Publisher: Routledge

ISBN: 1135044120

Category: Social Science

Page: 328

View: 1237

This volume presents new theoretical approaches, methodologies, subject pools, and topics in the field of environmental anthropology. Environmental anthropologists are increasingly focusing on self-reflection - not just on themselves and their impacts on environmental research, but also on the reflexive qualities of their subjects, and the extent to which these individuals are questioning their own environmental behavior. Here, contributors confront the very notion of "natural resources" in granting non-human species their subjectivity and arguing for deeper understanding of "nature," and "wilderness" beyond the label of "ecosystem services." By engaging in interdisciplinary efforts, these anthropologists present new ways for their colleagues, subjects, peers and communities to understand the causes of, and alternatives to environmental destruction. This book demonstrates that environmental anthropology has moved beyond the construction of rural, small group theory, entering into a mode of solution-based methodologies and interdisciplinary theories for understanding human-environmental interactions. It is focused on post-rural existence, health and environmental risk assessment, on the realm of alternative actions, and emphasizes the necessary steps towards preventing environmental crisis.

Reflecting on America

Anthropological Views of U.S. Culture

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Author: Clare L. Boulanger

Publisher: Routledge

ISBN: 1351551922

Category: Social Science

Page: 280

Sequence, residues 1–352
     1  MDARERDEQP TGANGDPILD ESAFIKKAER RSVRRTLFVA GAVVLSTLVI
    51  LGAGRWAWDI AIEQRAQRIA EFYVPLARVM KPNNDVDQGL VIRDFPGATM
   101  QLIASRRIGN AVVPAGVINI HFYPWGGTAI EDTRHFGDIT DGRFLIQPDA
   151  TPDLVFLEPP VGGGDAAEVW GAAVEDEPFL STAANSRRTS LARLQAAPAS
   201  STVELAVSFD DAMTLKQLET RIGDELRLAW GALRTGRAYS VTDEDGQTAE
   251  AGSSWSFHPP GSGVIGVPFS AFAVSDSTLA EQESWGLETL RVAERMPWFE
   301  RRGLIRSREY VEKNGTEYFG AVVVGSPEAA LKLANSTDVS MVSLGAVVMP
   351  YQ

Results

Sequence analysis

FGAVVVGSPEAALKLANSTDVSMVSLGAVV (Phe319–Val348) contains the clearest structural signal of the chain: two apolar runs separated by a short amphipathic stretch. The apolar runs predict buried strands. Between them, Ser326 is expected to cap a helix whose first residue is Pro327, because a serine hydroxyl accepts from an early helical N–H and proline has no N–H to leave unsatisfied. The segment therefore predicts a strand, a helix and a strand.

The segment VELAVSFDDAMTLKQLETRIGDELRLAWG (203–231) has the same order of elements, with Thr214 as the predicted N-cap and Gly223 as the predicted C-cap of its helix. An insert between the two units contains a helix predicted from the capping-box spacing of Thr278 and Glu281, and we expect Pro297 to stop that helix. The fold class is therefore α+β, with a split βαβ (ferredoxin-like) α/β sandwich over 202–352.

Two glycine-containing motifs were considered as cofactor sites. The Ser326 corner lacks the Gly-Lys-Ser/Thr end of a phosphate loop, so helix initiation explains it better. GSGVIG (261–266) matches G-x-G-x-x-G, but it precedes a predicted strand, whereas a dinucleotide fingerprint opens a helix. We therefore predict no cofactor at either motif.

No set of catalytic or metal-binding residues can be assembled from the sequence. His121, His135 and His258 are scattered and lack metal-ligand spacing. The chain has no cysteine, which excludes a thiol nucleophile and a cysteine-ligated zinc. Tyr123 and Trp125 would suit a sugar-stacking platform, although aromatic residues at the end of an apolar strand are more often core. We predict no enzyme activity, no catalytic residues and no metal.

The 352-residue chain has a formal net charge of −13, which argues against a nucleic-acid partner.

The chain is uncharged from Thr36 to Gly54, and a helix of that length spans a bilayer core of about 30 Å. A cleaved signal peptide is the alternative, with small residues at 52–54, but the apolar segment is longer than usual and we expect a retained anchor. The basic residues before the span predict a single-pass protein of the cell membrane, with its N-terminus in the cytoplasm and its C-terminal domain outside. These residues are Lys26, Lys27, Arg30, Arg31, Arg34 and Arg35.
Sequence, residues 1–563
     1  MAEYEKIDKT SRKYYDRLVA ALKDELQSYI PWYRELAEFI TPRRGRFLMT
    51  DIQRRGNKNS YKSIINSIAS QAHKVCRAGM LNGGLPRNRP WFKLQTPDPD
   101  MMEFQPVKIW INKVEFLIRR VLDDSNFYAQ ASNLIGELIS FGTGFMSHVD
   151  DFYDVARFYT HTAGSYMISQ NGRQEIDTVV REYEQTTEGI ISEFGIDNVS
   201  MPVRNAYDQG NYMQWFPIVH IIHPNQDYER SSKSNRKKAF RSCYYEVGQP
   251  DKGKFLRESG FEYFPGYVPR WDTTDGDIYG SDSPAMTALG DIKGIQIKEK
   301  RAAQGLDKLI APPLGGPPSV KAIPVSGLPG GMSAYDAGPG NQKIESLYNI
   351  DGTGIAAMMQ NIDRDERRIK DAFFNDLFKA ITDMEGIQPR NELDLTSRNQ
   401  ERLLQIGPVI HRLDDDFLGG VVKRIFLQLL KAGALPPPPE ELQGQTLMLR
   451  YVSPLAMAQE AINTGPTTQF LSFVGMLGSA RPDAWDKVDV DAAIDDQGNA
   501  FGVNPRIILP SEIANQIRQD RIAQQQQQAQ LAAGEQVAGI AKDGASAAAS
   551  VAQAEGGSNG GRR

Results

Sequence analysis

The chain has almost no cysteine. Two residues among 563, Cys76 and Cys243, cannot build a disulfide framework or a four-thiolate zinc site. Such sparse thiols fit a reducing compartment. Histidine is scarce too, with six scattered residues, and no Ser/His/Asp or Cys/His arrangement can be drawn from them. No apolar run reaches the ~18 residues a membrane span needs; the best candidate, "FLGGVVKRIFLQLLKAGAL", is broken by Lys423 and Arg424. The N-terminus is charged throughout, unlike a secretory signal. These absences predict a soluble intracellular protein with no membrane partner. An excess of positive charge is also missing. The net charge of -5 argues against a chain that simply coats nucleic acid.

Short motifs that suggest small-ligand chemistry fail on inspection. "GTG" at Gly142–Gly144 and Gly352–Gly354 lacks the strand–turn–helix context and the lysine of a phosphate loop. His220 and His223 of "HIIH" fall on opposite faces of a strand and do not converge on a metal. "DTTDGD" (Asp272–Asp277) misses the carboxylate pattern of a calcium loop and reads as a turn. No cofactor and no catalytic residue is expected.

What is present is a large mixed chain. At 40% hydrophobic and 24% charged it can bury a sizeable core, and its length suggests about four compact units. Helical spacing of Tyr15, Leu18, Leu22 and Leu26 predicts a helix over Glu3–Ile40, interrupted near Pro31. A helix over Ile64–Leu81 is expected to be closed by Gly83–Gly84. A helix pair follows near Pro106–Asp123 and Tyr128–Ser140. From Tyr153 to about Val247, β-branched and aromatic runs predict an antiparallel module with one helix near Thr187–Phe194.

View: 2326

Anthropologists travel back in time and across the globe to understand human culturebut, surprise, there is culture right here in the United States. This second edition of the best-selling textbook and anthology, Reflecting on America, again focuses on how we can recognize the common cultural thread running through diverse American phenomenafrom heroin addiction and Big Businesss efforts to shape the identities of children, to Civil War reenactments and the popularity of burlesque in the Midwest. In addition, this second edition includes chapters written especially for this volume on striptease, Burning Man, The Big Bang Theory TV show, and Groundhog Phil. Written throughout with verve and quirky humor, and offering Questions for discussion after every article, this book is perfect for undergraduate classes in anthropology and American studies. Drawing together twenty-two scholars with expertise in anthropological ideas about culture, Reflecting on America examines what it means to be American.

Constructing Grounded Theory

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Author: Kathy Charmaz

Publisher: SAGE

ISBN: 1446293491

Category: Social Science

Page: 416

View: 3468

Lecturers, request your electronic inspection copy Kathy Charmaz presents the definitive guide to doing grounded theory from a constructivist perspective. This second edition of her groundbreaking text retains the accessibility and warmth of the first edition whilst introducing cutting edge examples and practical tips. This expanded second edition: - explores how to effectively focus on data collection - demonstrates how to use data for theorizing - adds two new chapters that guide you through conducting and analysing interviews in grounded theory - adds a new chapter on symbolic interactionism and grounded theory - considers recent epistemological debates about the place of prior theory - discusses the legacy of Anselm Strauss for grounded theory. This is a seminal title for anyone serious about understanding and doing grounded theory research. Available with Perusall—an eBook that makes it easier to prepare for class Perusall is an award-winning eBook platform featuring social annotation tools that allow students and instructors to collaboratively mark up and discuss their SAGE textbook. Backed by research and supported by technological innovations developed at Harvard University, this process of learning through collaborative annotation keeps your students engaged and makes teaching easier and more effective. Learn more.